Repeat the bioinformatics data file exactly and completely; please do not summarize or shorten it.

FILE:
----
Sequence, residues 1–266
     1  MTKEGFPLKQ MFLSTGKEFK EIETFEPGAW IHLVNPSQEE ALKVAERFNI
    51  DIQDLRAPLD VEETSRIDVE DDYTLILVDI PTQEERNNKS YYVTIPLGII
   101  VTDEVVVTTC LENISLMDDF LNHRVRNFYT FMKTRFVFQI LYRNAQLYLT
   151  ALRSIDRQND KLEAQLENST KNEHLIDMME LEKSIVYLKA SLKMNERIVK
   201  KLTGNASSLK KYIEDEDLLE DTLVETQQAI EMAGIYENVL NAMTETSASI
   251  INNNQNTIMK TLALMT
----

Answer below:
Sequence, residues 1–266
     1  MTKEGFPLKQ MFLSTGKEFK EIETFEPGAW IHLVNPSQEE ALKVAERFNI
    51  DIQDLRAPLD VEETSRIDVE DDYTLILVDI PTQEERNNKS YYVTIPLGII
   101  VTDEVVVTTC LENISLMDDF LNHRVRNFYT FMKTRFVFQI LYRNAQLYLT
   151  ALRSIDRQND KLEAQLENST KNEHLIDMME LEKSIVYLKA SLKMNERIVK
   201  KLTGNASSLK KYIEDEDLLE DTLVETQQAI EMAGIYENVL NAMTETSASI
   251  INNNQNTIMK TLALMT